Chrysler CEO Dieter Zetsche hashed the plan out himself with members of Chrysler's dealer council during the week of Jan. 22-26, after dealers vehemently opposed an initial plan that would have required even more severe cuts in some areas. Dealers remain upset but credit Zetsche for modifying the plan to meet some of their demands. "The initial plan was like facing a firing squad. This plan is more like a life sentence," says Dick Withnell, a member of the Dodge dealer council and principal of Withnell Dodge in Salem, Ore. "It's really a story that we're still talking." And Withnell adds: "At least we're talking to [Zetsche] and not his executives.""
The deal is part of an ongoing reorganization plan. Suppliers were asked to cut prices by 5% Jan. 1 and by 10% more over the next two years. A Toledo (Ohio) plant will be closed, and thousands of other assembly workers have been on temporary layoffs to help the company trim excess inventory. Chrysler Group is trying to stem losses that have already cost the U.S. unit of DaimlerChrysler an estimated $2 billion in the last two quarters. More details, including white- and blue-collar layoffs and plant closures, will be spelled out on Feb. 26.
"NECESSARY." Even Chrysler admits that the cost cuts won't be easy on dealers. "This is not something they are going to love. But it's something they will recognize, under the current situation, as necessary. And in the end, I think it will be something they can live with," says Jay Cooney, Chrysler senior manager of sales and marketing communications. The dealer plan affects five key areas:
-- Chrysler is ending an existing 15-day grace period before dealers must pay for the vehicles on the show floor. But to offset some of the losses, it's also adding a new plan called the Dealer Market Performance Allowance. The program will give dealers cash based on the percent of a sales target they meet. If they sell fewer than 75% of the vehicles expected in a month, they get nothing. If they sell from 75.1% to 99%, they get $150; 100% to 109.9% is $250, and anything more than 110% of the sales target nets $500 per car. This new plan starts Tuesday.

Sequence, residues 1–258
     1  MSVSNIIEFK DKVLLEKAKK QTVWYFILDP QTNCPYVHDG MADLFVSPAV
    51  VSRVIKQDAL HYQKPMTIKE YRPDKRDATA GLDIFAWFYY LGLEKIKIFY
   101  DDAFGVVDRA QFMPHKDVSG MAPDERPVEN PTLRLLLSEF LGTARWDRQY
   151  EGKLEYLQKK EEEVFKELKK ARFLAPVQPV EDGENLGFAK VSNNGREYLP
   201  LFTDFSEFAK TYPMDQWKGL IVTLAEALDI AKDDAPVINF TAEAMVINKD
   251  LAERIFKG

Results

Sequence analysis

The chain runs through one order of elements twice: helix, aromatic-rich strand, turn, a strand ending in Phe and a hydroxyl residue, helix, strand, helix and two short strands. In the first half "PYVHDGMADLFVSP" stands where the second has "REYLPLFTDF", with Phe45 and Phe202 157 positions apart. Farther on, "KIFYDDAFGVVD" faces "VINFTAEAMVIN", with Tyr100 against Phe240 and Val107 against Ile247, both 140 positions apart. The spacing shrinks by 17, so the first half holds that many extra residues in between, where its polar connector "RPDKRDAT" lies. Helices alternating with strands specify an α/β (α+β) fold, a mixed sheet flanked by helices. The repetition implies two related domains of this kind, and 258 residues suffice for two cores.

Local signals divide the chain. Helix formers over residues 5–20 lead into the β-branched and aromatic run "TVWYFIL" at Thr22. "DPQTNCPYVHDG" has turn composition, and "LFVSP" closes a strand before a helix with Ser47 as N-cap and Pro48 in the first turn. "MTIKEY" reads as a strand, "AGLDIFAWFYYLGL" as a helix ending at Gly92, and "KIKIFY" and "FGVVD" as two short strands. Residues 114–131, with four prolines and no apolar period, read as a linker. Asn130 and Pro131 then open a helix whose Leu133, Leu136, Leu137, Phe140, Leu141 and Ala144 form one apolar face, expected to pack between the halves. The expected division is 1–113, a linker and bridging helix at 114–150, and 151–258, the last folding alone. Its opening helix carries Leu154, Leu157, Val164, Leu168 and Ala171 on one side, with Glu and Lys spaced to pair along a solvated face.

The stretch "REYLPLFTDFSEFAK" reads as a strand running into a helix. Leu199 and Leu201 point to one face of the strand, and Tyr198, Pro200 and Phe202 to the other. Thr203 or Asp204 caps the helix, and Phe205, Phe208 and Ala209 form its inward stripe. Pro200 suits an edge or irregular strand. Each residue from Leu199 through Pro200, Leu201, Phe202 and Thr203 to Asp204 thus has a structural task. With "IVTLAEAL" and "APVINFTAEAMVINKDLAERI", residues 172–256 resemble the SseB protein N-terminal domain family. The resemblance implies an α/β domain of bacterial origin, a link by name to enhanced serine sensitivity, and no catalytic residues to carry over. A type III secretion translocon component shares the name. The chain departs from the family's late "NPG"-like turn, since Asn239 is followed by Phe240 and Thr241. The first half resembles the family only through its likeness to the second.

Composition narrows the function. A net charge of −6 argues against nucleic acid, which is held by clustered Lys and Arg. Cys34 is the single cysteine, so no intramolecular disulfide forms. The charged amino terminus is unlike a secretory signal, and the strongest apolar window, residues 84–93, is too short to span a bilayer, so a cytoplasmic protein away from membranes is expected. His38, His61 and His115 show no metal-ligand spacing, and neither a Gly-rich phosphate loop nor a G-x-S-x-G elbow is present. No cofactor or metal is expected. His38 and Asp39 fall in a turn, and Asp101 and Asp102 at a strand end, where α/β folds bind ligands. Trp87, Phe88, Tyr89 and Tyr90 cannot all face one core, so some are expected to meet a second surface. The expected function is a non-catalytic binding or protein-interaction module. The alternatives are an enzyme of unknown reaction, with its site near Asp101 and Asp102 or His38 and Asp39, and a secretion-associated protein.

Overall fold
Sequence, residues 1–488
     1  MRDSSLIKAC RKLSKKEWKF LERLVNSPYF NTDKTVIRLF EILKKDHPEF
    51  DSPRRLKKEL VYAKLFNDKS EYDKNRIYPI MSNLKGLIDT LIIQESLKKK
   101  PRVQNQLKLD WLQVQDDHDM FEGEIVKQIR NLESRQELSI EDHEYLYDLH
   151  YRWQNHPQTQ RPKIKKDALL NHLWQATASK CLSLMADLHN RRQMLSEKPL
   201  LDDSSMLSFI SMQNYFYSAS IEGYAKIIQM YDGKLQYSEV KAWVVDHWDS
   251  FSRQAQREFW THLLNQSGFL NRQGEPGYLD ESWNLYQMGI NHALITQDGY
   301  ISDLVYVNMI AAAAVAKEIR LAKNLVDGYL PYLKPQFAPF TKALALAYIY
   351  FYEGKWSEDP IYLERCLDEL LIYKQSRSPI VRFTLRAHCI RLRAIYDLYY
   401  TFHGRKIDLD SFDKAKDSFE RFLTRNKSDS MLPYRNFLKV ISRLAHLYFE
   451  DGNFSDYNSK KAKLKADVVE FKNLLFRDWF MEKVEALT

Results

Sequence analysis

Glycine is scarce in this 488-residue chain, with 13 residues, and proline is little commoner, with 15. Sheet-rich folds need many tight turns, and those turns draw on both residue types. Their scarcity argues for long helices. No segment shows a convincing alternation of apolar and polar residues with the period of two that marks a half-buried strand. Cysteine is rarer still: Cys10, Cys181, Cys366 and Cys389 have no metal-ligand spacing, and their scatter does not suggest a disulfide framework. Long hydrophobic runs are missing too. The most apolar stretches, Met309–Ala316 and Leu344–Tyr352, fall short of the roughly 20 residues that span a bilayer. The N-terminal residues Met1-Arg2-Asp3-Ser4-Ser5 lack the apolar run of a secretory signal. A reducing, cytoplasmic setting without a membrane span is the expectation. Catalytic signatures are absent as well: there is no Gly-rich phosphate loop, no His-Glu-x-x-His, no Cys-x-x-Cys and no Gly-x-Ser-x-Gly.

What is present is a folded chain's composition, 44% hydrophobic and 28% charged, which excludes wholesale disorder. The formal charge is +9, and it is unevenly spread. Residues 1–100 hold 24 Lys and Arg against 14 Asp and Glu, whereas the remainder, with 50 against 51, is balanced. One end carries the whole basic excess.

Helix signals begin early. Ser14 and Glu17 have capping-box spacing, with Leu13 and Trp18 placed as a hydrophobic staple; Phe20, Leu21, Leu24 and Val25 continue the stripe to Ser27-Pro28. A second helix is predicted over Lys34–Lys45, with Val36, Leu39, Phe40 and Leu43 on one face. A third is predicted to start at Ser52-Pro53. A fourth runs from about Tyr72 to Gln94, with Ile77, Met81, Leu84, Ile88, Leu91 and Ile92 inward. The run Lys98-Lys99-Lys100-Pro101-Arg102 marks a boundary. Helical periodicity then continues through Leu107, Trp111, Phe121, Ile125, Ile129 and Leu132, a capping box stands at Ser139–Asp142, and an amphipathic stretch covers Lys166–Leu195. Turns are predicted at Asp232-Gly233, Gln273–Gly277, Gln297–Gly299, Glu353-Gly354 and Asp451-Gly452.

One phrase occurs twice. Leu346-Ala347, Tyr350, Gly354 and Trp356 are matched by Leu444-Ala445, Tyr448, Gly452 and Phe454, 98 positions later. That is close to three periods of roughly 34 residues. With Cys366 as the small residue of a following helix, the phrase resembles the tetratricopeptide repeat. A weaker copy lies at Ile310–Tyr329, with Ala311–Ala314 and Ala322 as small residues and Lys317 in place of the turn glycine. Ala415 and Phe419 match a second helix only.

-- Dealers will no longer get $40 per vehicle for fuel. Vehicles are shipped with only a few gallons of fuel for safety reasons, and the carmaker gets the cash to fill them up after the sale. Considering that Chrysler sells about 2.5 million vehicles a year, this change alone saves $100 million. Dealers also agreed to cancel a $75-per-vehicle fee they were collecting to offset increased telecommunication costs at dealerships. That could save $188 million.
-- The plan eliminates $50 per vehicle, or $125 million, in advertising fees that dealers use for local ads. Dealers still get 1% of the manufacturer's recommended sales price for advertising.
-- The time dealers are paid to prepare vehicles for delivery to customers will drop from 1.4 hours to 0.9 hours. With dealer labor costs running about $55 a hour, that means a cut of about $27 per vehicle, or $69 million.
-- Dealer margins will drop 3% on option packages, from 14%-18% to 11%-15% for such items as luxury upgrades, security systems, improved stereo systems, and other uprades.
The next big challenge facing Chrysler and its dealers is the replacement of former sales and marketing chief Theodor C. Cunningham, who was sacked in November when Zetsche took over. Cunningham was popular with dealers. Now they want an insider, such as MacDonald, to replace him. It's not clear whether Zetsche will succumb or bring in someone from outside. But these are not happy times for DaimlerChrysler. By Jeff Green in Detroit